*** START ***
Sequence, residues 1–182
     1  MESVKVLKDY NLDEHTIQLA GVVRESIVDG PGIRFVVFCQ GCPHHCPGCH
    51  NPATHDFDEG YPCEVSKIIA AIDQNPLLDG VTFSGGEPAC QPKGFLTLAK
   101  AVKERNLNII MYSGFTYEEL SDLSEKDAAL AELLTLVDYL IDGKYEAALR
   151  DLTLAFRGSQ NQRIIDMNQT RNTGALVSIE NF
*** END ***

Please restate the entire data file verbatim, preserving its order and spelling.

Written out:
Sequence, residues 1–182
     1  MESVKVLKDY NLDEHTIQLA GVVRESIVDG PGIRFVVFCQ GCPHHCPGCH
    51  NPATHDFDEG YPCEVSKIIA AIDQNPLLDG VTFSGGEPAC QPKGFLTLAK
   101  AVKERNLNII MYSGFTYEEL SDLSEKDAAL AELLTLVDYL IDGKYEAALR
   151  DLTLAFRGSQ NQRIIDMNQT RNTGALVSIE NF